Many postcard images of Rockome depict two bottle houses, which were an intriguing attraction at the park until early 2006. I suspect these bottle houses were built in the 1960s, inspired by the ghost town bottle house at Knott's Berry Farm in California (which was in turn inspired by the famous authentic bottle house of Rhyolite, Nevada).
The Fresca Bottle House incorporated nearly 2400 Fresca bottles in its construction. It is a cute little playhouse with tiny chairs and table inside. There is even a tiny Fresca bottle dog house by the door.
From the inside, the play house is revealed as a somewhat crude plywood construction with a thin layer of concrete plastered over the outside in which the bottles are embedded. Many bottles, especially those on the roof, have shattered due to frost and snow, or have simply leaped out of their places. Most of the bottles have their necks covered by mounds of cement in order to prevent rain entering them, but smooth glass bottles are difficult to bond to concrete.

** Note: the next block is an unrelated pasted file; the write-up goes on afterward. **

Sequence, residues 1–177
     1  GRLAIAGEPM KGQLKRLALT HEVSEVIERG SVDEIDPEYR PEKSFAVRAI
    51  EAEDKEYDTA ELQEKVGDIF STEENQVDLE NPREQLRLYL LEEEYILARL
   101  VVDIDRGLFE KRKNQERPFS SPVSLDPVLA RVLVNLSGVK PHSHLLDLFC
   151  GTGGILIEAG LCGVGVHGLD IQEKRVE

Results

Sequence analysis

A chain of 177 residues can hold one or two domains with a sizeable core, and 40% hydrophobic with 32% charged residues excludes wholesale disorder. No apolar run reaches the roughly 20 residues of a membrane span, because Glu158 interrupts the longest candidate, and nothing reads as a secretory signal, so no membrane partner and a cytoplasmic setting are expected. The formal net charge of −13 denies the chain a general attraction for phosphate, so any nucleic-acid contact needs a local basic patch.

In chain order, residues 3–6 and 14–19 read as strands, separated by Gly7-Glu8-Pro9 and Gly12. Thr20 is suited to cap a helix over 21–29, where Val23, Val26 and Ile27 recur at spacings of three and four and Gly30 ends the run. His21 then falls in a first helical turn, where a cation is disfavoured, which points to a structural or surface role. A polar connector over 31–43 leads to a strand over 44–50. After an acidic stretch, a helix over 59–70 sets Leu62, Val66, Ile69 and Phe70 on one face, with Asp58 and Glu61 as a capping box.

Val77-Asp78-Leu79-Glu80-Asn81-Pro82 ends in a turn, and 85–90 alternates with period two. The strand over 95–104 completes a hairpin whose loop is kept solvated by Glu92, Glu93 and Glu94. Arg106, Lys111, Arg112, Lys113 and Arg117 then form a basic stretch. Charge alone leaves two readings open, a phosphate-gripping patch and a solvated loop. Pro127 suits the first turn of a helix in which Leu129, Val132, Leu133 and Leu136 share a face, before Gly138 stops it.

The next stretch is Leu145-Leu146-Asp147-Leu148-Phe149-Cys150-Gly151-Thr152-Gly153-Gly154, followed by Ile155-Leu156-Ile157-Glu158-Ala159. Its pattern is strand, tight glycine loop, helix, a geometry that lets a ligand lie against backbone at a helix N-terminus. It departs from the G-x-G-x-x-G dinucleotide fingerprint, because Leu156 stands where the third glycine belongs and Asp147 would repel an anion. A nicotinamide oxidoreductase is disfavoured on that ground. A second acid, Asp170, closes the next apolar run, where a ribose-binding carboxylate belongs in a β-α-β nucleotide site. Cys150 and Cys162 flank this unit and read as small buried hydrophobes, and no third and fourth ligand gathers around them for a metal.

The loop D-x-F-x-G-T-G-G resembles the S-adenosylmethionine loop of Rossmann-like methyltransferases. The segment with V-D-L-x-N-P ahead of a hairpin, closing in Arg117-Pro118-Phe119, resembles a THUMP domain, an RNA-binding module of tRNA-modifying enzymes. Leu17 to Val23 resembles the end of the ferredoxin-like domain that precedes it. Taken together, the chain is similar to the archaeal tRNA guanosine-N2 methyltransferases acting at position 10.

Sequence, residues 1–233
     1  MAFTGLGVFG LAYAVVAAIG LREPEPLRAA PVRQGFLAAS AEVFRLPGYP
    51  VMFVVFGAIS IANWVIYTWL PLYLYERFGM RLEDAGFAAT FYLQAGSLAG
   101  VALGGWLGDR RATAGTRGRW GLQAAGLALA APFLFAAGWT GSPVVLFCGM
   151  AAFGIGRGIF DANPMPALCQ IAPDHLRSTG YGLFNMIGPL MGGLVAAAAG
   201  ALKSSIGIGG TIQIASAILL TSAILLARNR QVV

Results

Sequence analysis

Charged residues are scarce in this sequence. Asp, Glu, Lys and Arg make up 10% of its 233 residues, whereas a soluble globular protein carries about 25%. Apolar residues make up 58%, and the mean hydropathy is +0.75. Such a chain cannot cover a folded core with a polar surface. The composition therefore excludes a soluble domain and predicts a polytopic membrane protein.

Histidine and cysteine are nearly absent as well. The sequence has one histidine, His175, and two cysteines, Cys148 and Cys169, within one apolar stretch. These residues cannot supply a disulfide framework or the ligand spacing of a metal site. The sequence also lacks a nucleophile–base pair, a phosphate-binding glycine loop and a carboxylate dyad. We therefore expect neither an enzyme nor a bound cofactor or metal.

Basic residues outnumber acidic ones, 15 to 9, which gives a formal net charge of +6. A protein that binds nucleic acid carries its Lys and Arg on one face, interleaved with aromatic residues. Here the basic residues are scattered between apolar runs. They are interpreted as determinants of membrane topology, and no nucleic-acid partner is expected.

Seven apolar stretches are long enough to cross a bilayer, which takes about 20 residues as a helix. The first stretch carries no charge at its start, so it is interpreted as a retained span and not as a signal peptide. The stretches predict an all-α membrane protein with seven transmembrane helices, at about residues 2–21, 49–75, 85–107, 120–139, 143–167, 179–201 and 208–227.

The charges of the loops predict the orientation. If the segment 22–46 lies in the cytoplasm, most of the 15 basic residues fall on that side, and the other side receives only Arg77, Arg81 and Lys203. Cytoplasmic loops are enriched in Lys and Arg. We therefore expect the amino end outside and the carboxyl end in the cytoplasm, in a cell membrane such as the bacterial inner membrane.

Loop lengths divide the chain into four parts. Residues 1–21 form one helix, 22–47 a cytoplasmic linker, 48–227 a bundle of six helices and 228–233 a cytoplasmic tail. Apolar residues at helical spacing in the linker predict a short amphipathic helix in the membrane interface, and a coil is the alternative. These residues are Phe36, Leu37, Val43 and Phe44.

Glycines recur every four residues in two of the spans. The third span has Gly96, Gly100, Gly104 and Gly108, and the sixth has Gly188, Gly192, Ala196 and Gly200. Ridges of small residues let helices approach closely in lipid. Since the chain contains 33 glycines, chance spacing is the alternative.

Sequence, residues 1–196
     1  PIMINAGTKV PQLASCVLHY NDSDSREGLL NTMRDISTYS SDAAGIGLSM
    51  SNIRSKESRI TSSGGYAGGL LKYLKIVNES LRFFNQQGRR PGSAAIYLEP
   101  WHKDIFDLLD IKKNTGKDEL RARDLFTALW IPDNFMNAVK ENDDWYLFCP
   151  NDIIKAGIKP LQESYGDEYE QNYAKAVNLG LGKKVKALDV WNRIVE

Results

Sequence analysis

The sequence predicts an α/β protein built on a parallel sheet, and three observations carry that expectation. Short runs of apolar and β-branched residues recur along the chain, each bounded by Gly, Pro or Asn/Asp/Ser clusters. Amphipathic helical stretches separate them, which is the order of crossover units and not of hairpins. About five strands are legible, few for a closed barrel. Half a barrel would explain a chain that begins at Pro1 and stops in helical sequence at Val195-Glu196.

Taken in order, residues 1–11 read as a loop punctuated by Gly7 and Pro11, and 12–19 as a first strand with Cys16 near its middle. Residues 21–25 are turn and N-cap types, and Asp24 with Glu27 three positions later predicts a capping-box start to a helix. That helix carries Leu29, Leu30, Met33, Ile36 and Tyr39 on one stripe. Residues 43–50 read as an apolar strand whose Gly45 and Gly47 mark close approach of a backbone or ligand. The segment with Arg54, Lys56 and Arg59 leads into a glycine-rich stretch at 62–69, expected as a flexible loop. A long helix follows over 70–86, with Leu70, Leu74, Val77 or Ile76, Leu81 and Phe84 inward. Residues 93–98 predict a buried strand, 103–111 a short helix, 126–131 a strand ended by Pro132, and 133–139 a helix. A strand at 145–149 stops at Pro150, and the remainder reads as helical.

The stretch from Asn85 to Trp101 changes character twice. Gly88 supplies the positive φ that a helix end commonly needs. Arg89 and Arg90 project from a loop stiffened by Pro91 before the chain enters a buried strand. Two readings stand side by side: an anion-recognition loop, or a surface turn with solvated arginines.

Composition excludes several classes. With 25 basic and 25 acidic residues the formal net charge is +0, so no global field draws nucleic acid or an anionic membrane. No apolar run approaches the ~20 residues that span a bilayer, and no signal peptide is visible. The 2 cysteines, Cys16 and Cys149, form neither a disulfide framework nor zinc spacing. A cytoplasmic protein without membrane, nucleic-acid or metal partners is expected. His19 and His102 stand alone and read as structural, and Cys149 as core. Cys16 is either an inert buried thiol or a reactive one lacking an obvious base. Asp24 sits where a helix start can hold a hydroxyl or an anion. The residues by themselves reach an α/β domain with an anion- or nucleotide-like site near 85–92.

Following a sidewalk past the Amish farm house, we came to another, simpler bottle house. The 7UP Bottle House was a rectangular box with no windows and features nearly 1200 bottles. Perhaps this house was built before the other, as a sort of test? In any case they are built in much the same way. Behind the bottle house in the postcard above are the much older twin lighthouses, built in the 1930s or 40s.
In early 2006 the two bottle houses were damaged during attempts to move them. Due to their already fragile condition, the park owners decided to take down the bottle houses.
presented by Minnesota Museum of the Mississippi